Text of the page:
-i.e. a decr in ventilation causes arterioles to constrict and that area shuts down
-vasoconstriction is directly proportional to hypoxia
- does skeletal muscle work like this
- no-its the opposite- less flow means dilation
- what does pulmonary vasoconstriction help to maintain
- V/Q ratio
- what happens with chronic hypoxia
- -local arterioles continuosly vasoconstricted
-total pulmonary vascular resistance inc's
- who does sleep apnea most affect
- overweight males
- whats the most important control of pulmonary vascular resistance
- besides hypoxia what else causes inc's pulmonary vascular resistance
- -pulmonary embolism
- what are causes of fibrosis
- -systemic sclerosis
-coal miners lung
- how does LV failure cause RV failure
- it cant pump out what the RV feeds in so its pumping against more resistance
- Which receptors are the controllers of air flow
- muscarinic and beta
- where are muscarinic located
- smaller bronchi and bronchioles
- sympathetic or parasympathetic?
- adrenergic sympathetic fibers
- fibers send APs to receptor that releases NE to dilate (not all receptors are innervated)
- when does it occur
- when we're in a vegetative state
- where are betas located
- on bronchioles, arterioles, heart muscle, and the GI tract
- what do asthma meds like proventil do?
- -acts as a B2 agonist- binds and dilates
-can also bind B1 receptors in heart to inc heart rate
- Where are respiratory rhythm generators (RRGs) located
- in the medulla
- what are the 2 types
- -dorsal respiratory grp
-ventral respiratory grp
- which controls inspiratory phase
- what does ventral control
- expiration and inspiration
- how are primary RRGs modified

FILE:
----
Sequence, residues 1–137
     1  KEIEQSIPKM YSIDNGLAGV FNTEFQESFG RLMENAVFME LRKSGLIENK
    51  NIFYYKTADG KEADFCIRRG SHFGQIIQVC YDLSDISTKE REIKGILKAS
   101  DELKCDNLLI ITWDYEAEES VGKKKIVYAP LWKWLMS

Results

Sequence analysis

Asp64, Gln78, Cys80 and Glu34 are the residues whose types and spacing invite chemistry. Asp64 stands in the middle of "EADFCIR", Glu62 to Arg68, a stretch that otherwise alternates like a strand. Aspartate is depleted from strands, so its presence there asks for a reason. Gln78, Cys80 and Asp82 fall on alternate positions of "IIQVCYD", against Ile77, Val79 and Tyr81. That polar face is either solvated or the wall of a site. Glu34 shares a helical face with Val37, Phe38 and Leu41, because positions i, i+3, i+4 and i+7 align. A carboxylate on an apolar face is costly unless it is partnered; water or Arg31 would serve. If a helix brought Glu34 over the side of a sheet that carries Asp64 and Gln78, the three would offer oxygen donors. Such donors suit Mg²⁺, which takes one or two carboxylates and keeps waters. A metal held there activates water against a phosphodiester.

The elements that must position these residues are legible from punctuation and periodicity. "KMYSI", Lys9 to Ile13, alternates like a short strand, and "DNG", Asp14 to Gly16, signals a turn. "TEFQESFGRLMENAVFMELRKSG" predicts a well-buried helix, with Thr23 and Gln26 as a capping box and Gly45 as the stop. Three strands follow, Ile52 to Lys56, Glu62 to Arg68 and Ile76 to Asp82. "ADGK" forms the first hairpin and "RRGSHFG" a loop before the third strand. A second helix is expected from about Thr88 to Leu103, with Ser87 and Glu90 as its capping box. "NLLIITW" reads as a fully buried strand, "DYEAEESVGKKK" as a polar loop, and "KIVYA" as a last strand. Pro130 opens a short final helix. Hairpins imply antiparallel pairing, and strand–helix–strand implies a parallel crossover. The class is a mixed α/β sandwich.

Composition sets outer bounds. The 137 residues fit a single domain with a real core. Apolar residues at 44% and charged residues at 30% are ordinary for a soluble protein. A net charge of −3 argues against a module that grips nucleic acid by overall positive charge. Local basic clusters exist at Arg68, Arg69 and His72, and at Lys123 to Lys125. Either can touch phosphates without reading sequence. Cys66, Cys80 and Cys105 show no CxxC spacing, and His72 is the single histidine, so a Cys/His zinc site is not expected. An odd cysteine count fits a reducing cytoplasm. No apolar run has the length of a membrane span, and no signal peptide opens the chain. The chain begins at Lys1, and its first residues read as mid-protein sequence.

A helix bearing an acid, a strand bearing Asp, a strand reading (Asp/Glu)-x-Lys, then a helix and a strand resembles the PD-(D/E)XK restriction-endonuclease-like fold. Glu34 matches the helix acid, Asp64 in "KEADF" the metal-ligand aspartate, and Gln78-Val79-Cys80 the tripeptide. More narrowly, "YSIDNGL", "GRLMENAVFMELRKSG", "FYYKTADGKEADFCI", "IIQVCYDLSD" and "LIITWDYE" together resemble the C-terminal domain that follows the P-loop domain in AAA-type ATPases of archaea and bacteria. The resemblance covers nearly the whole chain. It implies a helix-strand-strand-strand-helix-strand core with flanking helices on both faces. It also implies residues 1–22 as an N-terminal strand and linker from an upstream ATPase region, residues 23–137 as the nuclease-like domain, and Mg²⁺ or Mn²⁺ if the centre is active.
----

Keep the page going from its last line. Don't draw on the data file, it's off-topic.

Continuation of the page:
- from the pons
- what are the abnormal respiratory rhythms?
- 1. Bradypnea (slow)
3. Cheyne-Strokes (waxy and wany ventilatory depth w/ periods of apnea)
4. Hyperventilation (rate of vent exceeds tissue demand resulting in hypocapnia)
5. Hypoventilation (rate of vent is less than tissue demand resulting in hypercapnia)
6. Hyperpnea (inc'd ventilation due to inc'd O2 demand from tissues)
- What controls rate and depth of NL respiration?
- 1. Stretch receptors
2. Irritant receptors
3. J (Juxta capillary) receptors
4. Cerebral Cortex
5. Limbic System
- Which allows voluntary control over breating/respiration?
- Cerebral cortex
- Which increases rate and depth?
- Which are found in smooth muscle of bronchioles?
- stretch receptors
- what do they do
- creat autonomic endpoint to inhalation
- Which are found in lung parenchyma btw. alveoli?
- J receptors
- what do they do?
- detect interstitial distortions from pulmonary distortions (i.e. edema/fibrosis cause rapid and shallow breathing)
- which are found in epithelial layers of airways?
- what do they detect?
- anything noisesome thats inhaled (stops breathing- then causes rapid shallow breathing)
- Which controls breathing based on emotion?
- limbic - our "emotional brain"
- what are the three "f's" that are controlled by the limbic?
- feeding, fighting, fornication
- What are the controllers of long term respiration?
- Chemoreceptors- Peripheral and Central
- What are the 3 peripheral chemoreceptors?
- 1. Carotid Sinus
2. Carotid Bodies
3. Aortic Bodies
- Which has the highest rate of blood flow in the whole body?
- Carotid sinus
- Where are carotid bodies found?
- on medial side of carotid sinus
- what are they innervated by?
- by carotid sinus nerve which joins glossopharyngeal nerve to enter brainsteam
- Where are aortic bodies located?
- aortic arch
- What innervates aortic bodies?
- afferent vagus fibers
- What do both aortic and carotid bodies do?